Welbilt’s global reach means you are exposed to this situation until it has completely gone away. But on the other hand, you’re suggesting that it is also an advantage?
Yes, we were trained in Asia on what to do in Europe and the Americas. Dealing with it in Asia was hard enough but thank goodness we have had the practice even though it feels right now that I am going through this for the third time. It is like a story you are seeing over and over again. The good thing is that eventually all these crises come to an end.
The last global crisis was in 2008-2009 and there have been several before that over the last few decades. How does this one compare to those?
This one is very fast and things are moving downward very sharply and very quickly. That is the main difference. The 08-09 crisis was really a financial prime mortgage-driven one. I guess I would call this a supply and demand crisis, so we have a supply issue and a demand issue happening at the same time. But the banks are well-capitalised and willing to lend, so this one is very different.
I guess the other thing I would say – and this is something that we didn’t really think about but which we have learned through the lockdown process with China – is the psychological element of people working from home. There is a feeling of isolation by some employees that you have to deal with and you have got to be ready not only to protect your employees from physical disease but also be aware that there could be some psychological issues that people develop as a result of being isolated.
We are not experts at that but that was one of the first things that the Asian team said to the EMEA team – make sure your leadership team is on the phone, talking to people much more regularly than you did before, because before you were in a group and now you are separate. Stay in touch with your people, talk to them, get on the video chat, find a reason to call them and keep their spirits up. It’s a real issue for some people and we have to be aware of that.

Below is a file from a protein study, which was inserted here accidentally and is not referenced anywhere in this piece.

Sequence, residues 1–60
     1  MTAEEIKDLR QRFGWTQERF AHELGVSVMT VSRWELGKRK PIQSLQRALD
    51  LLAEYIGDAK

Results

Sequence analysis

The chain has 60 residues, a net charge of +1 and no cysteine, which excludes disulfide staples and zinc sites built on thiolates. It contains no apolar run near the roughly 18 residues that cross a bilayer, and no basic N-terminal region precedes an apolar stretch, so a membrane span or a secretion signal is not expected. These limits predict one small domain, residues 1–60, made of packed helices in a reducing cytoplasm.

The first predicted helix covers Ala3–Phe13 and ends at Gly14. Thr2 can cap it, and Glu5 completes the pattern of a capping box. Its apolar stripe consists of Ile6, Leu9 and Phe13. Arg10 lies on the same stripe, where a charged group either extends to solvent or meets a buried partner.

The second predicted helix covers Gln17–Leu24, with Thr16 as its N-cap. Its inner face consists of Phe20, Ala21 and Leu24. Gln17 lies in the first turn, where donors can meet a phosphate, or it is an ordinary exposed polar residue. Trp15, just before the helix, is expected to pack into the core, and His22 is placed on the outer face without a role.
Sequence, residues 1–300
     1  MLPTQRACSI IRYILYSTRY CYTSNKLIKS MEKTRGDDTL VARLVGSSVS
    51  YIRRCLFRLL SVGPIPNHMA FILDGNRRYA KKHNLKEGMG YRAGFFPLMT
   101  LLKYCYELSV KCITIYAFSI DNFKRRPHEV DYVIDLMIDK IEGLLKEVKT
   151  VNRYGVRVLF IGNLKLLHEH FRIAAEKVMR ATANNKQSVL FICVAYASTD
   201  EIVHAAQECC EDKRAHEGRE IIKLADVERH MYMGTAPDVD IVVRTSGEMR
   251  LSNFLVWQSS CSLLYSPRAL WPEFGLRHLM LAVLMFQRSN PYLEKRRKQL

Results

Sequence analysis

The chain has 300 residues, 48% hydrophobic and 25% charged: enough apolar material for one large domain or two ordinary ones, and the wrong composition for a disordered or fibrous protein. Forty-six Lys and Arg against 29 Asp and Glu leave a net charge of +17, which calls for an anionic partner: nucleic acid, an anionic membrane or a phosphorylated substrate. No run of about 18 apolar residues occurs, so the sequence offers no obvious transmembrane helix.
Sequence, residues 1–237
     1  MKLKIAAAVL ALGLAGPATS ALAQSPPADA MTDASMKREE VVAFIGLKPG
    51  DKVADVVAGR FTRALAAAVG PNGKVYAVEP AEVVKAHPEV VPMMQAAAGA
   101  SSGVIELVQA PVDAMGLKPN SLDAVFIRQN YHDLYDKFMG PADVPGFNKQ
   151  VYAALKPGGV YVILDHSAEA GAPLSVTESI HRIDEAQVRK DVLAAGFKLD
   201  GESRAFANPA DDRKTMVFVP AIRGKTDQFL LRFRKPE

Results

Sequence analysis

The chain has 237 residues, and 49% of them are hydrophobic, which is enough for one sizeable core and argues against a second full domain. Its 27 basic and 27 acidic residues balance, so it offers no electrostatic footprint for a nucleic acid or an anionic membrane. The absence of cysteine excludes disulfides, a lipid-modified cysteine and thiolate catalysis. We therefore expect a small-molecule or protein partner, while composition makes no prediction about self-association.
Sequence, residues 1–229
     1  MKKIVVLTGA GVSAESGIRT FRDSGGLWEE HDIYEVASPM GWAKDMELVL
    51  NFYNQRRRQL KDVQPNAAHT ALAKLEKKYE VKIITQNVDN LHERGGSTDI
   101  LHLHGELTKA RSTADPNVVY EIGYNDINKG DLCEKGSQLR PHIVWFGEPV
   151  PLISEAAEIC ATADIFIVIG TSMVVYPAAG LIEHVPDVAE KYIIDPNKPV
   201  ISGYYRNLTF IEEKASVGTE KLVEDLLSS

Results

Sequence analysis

You’ve talked a couple of times about China emerging from this situation and factories becoming fully operational again. What is the feeling internally on how long this is going to last? When do you think the UK and European markets will be out the other side of this?
First of all, I don’t think it is going to recover as fast as China. If you look at China, they locked down on 20th January and cases peaked there about two-and-a-half to three weeks later, and then another three weeks after that they had the cases down to nearly nothing. So from lockdown to nearly no cases was a six-week period. I think it is probably going to be double that amount of time or close to double. I hope not, but my sense is that it is going to be an eight to 10, maybe 12-week period, from the beginning to the end. 12 weeks is maybe a little extreme, but who knows? If Europe or the United States goes into complete lockdown tomorrow, that will shorten the timeframe, but it is going to be longer than China, for sure.
A lighter question to end the conversation: I am guessing with a role like yours, you spend an awful lot of time in the air travelling from one country or territory to the next. Are you secretly enjoying having a bit of enforced time at home behind a desk?
I am actually not! I’ve been in quarantine for 10 days since coming back to the US from Germany, so I am not in my home at the moment – I am in a hotel about one kilometre from my home, where my wife and daughter are! So I’m not enjoying it, I want to get out of here! It looks like I am going to have a few weeks here, so what I would say is that I am looking forward to not getting on an aeroplane because I am on one usually every other week – if not every week – and have been for the last four or five years!